Malik Rosier is coming off a 10-win season, but his inconsistency was maddening. Enter redshirt freshmen N’Kosi Perry and Cade Weldon, as well as true freshmen Jarren Williams. All three young men will vie to unseat Rosier at the quarterback position, and head coach Mark Richt won’t hesitate to pull his fifth-year senior as he demonstrated last season. With the offensive weapons at his disposal, Rosier will need to be accurate and steady under center to keep his job.
What freshmen might make a splash?
The Canes lost talented senior tight end Chris Herndon to the NFL draft. However, there hasn’t been much worry radiating from Coral Gables because of the true freshmen replacing him at tight end. Brevin Jordan and Will Mallory were both highly touted recruits. They will look to make a name for themselves at a position that has seen some transcendent talent make it to the NFL. Also, true freshman running back Lorenzo Lingard could have a significant impact on the offense.
Turnover Chain II
Canes defensive coordinator and Miami-native Manny Diaz caught lightning in a bottle with his Turnover Chain idea last season. But, the defense let the team down during the season-ending 3-game losing streak. This year’s defense features many NFL-caliber players along the defensive line, including end Joe Jackson and Jon Garvin. Linebackers Shaq Quarterman, Mike Pickney, and Zach McCloud are all returning, and the secondary will feature senior leadership with safety Jaquan Johnson and cornerback Michael Jackson.
Miami Names from the Past You Should Know
The Miami Hurricanes are one of the most prolific programs for producing NFL talent. Literally, hundreds of players from UM have gone on to compete in the NFL, and 56 different former Hurricanes have made at least one Pro Bowl, including at least one every year since 1985. There are seven former Hurricanes in the Pro Football Hall of Fame (and more to come), as well as nine former Canes in the College Football Hall of Fame.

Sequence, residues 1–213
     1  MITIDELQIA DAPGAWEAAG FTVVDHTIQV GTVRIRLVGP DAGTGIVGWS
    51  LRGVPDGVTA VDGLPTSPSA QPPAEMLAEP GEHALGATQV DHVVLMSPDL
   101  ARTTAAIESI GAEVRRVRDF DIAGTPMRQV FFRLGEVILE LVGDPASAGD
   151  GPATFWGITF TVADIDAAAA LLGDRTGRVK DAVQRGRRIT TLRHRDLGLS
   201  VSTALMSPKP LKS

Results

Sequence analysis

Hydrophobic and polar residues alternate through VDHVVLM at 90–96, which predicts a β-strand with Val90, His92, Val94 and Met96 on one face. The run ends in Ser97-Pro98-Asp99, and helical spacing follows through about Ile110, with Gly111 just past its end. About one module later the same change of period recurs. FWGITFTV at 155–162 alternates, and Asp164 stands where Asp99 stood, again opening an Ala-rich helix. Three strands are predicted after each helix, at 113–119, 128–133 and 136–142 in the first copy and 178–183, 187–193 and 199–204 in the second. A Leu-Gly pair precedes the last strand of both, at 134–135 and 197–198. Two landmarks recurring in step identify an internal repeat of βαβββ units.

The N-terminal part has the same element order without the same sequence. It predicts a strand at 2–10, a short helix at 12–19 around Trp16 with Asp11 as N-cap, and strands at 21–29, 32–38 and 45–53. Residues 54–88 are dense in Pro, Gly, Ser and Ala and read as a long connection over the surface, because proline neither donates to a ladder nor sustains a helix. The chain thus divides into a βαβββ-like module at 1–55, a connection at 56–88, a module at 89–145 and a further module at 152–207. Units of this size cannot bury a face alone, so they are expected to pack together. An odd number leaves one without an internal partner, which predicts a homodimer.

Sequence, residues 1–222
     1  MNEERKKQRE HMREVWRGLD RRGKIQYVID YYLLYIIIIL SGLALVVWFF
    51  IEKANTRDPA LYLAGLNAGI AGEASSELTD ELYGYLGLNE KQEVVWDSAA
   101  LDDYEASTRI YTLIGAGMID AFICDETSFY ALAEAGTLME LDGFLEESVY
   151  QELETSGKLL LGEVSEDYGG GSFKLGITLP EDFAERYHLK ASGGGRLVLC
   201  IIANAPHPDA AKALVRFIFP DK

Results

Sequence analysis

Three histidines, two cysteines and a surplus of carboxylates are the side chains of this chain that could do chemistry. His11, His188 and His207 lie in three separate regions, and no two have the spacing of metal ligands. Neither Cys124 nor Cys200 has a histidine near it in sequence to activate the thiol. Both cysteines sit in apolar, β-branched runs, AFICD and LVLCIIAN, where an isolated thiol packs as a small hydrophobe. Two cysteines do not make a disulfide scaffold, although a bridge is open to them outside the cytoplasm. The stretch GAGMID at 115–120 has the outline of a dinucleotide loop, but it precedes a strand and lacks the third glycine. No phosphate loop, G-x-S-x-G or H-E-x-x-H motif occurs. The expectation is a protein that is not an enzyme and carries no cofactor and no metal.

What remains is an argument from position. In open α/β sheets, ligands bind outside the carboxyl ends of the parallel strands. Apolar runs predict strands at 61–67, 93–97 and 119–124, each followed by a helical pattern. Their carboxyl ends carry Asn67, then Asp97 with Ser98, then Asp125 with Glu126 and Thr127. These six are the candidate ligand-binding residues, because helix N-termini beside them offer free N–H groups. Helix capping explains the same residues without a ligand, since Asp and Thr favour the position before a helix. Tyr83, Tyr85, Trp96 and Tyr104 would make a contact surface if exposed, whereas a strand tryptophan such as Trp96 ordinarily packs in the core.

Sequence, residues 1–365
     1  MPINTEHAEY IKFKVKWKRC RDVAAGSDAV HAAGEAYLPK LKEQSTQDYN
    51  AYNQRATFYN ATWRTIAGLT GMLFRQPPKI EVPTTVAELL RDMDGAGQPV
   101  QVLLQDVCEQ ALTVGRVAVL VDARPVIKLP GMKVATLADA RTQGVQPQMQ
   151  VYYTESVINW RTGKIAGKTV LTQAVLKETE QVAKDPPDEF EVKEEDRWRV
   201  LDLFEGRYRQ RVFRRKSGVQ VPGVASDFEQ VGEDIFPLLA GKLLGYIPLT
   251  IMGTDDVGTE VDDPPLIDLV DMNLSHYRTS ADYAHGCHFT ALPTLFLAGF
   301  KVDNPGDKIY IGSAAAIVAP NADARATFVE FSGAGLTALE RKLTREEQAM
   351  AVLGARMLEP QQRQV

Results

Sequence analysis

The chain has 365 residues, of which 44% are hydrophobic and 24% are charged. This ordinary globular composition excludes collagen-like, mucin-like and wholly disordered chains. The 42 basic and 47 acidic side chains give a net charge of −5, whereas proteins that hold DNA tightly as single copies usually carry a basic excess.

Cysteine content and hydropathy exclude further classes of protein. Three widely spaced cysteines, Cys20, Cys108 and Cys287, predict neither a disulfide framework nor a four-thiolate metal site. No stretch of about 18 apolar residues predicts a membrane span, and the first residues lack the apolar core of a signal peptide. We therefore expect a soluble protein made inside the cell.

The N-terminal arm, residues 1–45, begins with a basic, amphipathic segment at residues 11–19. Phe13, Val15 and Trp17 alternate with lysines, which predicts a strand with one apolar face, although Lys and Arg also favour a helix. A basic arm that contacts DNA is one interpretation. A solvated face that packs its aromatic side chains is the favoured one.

Although not the coach that started it all (a distinction saved for Howard Schnellenberger), Jimmy Johnson thrust the program into the national consciousness. He was only there a short time (1984-1988), but the Canes competed for the national title in four of those five years, winning their school’s second title in 1987. Jimmy left for the Dallas Cowboys in 1988 with a 52-9 overall record, including 44-4 in his final four seasons.
One of the most flamboyant Canes, Michael Irvin, holds several receiving records at UM. He also starred in one of the most memorable plays in program history with his 73-yard touchdown against Florida State in 1987. Irvin went on to play for and win Super Bowls with Jimmy Johnson and the Dallas Cowboys.
Part of the notable lineage of interior defensive linemen that includes Cortez Kennedy and Russell Maryland, no one was more dominant than Sapp in the early 90s.
Arguably one of the greatest linebackers of all time, Lewis dominated college football in the mid-90s. He follows an incredible lineage that includes Jesse Armstead, Michael Barrow, Jim Otto, and Ted Hendricks. Lewis went on to be NFL Defensive Player of the Year and Super Bowl Champion. Lewis’s play at UM furthered the lineage that would later include Jon Beason, Jonathan Vilma, and Dan Morgan.
A few other names:
Ed Reed, Sean Taylor, Jim Kelly, Vinny Testaverde, Willis McGahee, Frank Gore, Andre Johnson, Bernie Kosar, Edgerrin James, etc.
Hurricanes Head Coach
Mark Richt is entering his third season as head coach of his alma mater. Richt graduated from UM in 1982 and played quarterback behind Jim Kelly, Vinny Testaverde, and Bernie Kosar. Richt has led a resurgence that harkens back to the glory days of the program. He’s 19-7 as Canes coach.
2018-2019 Miami Hurricanes Football Schedule
9/2 LSU at Miami (game to be played in Arlington, TX)
9/8 Savannah State at Miami
9/1 Miami at Toledo
9/22 Florida International at Miami
9/27 North Carolina at Miami
10/6 Florida State at Miami
10/13 Miami at Virginia
10/26 Miami at Boston College
11/3 Duke at Miami
11/10 Miami at Georgia Tech
11/17 Miami at Virginia Tech
11/24 Pittsburgh at Miami
By David Fernandez
David is a freelance sports writer based in Miami, FL, who has spent the last 15 years as an English teacher. He holds a Master’s Degree in English and Creative Writing and has coached high school basketball for 10 years. Follow him on Twitter: @ByDLFernandez.